study using species' ecological niche modeling, parsimony analysis
of endemicity, and Goloboff fit. Interciencia 32:151-159.
FISHER, H. I. 1942. A white meadow mouse. Journal of Mammalogy 23:
FORD, R. G., AND F. A. PITELKA. 1984. Resource limitation in
populations of the California vole. Ecology 65:122-136.
GARDNER, L. L. 1917. A partial list of mammals of the Claremont
region. Journal of Entomology and Zoology 9:101-106.
GARSD, A., AND W. E. HOWARD. 1981. A 19-year study of microtine
population fluctuations using time-series analysis. Ecology 62:
GETZ, L. L. 1985. Habitats. Pp. 286-309 in Biology of New World
Microtus (R. H. Tamarin, ed.), Special Publication 8, The
American Society of Mammalogists, Lawrence, Kansas.
GILL, A. E. 1976. White spotting in the California vole. Heredity 37:
GILL, A. E. 1977a. Food preferences of the California vole, Microtus
californicus. Journal of Mammalogy 58:229-233.
GILL, A. E. 1977b. Maintenance of polymorphism in an island
population of the California vole, Microtus californicus. Evolution
GILL, A. E. 1980. Partial reproductive isolation of the California vole,
Microtus californicus. Genetica 52/53:105-117.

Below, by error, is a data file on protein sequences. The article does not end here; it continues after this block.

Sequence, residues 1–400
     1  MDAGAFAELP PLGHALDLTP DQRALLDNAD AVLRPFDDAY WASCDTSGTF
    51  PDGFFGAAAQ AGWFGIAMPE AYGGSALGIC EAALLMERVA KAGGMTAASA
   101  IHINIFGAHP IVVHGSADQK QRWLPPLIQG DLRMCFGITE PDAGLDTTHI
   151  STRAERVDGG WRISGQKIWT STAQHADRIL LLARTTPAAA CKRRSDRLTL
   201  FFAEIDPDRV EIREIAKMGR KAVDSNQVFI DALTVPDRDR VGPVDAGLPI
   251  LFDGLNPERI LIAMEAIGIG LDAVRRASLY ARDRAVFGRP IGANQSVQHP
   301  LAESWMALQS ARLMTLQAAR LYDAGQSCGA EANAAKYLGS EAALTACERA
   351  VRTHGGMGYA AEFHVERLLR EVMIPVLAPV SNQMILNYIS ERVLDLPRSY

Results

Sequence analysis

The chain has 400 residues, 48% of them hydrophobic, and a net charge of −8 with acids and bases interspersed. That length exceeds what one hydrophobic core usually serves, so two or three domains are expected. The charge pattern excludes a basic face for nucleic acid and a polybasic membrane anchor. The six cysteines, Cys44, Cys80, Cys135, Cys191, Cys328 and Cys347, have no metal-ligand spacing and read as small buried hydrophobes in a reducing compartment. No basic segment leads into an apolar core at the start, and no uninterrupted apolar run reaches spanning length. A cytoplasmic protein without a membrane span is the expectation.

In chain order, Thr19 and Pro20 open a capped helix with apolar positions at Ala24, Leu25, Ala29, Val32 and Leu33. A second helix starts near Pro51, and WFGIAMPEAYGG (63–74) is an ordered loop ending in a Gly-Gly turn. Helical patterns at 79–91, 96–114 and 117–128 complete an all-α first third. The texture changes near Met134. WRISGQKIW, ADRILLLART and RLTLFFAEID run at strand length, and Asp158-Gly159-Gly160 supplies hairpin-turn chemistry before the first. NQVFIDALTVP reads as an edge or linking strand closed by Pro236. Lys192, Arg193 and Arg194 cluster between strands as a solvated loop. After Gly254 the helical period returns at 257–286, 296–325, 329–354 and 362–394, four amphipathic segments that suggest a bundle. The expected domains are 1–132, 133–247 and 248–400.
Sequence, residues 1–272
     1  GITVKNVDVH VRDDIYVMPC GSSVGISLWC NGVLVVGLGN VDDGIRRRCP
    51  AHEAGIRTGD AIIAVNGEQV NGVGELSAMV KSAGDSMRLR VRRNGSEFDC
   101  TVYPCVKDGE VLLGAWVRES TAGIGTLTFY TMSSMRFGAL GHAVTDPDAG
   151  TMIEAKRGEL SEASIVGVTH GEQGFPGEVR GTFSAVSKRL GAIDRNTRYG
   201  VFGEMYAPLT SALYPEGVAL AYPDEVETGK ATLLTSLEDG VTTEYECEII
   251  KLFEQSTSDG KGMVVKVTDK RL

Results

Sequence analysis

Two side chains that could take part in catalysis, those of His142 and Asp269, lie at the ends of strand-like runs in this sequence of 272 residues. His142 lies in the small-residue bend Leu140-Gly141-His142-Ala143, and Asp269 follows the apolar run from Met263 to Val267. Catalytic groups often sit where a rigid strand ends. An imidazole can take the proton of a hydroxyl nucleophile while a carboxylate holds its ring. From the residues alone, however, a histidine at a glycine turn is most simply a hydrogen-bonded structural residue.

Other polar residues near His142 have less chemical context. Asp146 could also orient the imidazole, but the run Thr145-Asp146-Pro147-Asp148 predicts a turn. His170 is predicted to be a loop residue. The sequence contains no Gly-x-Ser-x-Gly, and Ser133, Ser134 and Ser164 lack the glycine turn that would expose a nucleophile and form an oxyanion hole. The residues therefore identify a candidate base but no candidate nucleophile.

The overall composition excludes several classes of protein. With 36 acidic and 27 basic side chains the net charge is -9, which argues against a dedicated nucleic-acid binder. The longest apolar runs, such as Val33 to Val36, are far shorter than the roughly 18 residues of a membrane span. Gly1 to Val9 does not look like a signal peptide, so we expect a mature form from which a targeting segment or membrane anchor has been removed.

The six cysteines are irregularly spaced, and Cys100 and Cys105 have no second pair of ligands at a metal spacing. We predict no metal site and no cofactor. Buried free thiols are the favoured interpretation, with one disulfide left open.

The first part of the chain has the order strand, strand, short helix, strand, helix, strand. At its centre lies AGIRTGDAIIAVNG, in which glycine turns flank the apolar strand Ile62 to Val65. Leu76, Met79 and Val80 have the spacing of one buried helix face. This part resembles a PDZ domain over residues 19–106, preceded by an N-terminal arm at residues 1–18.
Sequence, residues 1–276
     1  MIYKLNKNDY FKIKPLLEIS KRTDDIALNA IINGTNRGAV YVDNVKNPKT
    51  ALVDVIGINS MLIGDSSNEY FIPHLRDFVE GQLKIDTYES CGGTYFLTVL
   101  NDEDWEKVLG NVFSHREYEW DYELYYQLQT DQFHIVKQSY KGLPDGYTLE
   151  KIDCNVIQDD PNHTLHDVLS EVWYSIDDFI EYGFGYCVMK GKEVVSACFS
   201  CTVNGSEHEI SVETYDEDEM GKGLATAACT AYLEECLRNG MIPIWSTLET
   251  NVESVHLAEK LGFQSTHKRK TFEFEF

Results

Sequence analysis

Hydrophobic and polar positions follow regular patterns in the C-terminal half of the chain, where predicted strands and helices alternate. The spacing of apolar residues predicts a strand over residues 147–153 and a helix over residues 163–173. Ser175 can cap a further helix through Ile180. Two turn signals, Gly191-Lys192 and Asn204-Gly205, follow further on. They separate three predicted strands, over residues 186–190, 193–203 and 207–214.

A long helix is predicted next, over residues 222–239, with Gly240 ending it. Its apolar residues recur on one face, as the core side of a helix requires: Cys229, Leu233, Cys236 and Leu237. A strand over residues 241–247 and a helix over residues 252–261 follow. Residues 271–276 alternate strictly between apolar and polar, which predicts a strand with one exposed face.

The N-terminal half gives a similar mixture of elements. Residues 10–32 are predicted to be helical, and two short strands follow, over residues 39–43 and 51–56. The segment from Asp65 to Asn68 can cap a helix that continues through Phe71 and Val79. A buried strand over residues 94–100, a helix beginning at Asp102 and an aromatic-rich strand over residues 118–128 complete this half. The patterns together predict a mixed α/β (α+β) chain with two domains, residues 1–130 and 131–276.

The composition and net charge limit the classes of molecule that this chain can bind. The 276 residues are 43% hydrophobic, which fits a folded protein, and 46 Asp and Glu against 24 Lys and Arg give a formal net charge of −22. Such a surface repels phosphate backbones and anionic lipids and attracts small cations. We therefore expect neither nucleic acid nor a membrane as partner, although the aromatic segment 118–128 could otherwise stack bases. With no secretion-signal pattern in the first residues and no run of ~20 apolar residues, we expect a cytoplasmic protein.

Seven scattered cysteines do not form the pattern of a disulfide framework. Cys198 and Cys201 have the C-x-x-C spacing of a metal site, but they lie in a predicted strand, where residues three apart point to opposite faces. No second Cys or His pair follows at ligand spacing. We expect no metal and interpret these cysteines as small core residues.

GILL, A. E. 1982. Variability in the karyotype of the California vole,
Microtus californicus. Mammalian Chromosomes Newsletter 23:
GILL, A. E., AND K. BOLLES. 1982. A heritable tooth trait varying in two
subspecies of Microtus californicus (Rodentia: Cricetidae). Journal
of Mammalogy 63:96-103.
GREENWALD, G. S. 1956. The reproductive cycle of the field mouse,
Microtus californicus. Journal of Mammalogy 37:213-222.
GREENWALD, G. S. 1957. Reproduction in a coastal California
population of the field mouse, Microtus californicus. University
of California Publications in Zoology 57:421-446.
GRINNELL, J. 1926. Critical examination of the meadow mice of Lower
California. Journal of Mammalogy 7:221-226.
HALL, E. R. 1981. The mammals of North America. 2nd ed. John Wiley
& Sons, Inc., New York.
HARTUNG, T. G., AND D. A. DEWSBURY. 1976. Parental behavior in six
species of muroid rodents. Behavioral and Neural Biology 26:
HATFIELD, D. M. 1935a. A natural history study of Microtus
californicus. Journal of Mammalogy 16:261-271.
HATFIELD, D. M. 1935b. Description of a new race of Microtus
californicus. Journal of Mammalogy 16:316-318.
HEsKE, E. J. 1987a. Pregnancy interruption by strange males in the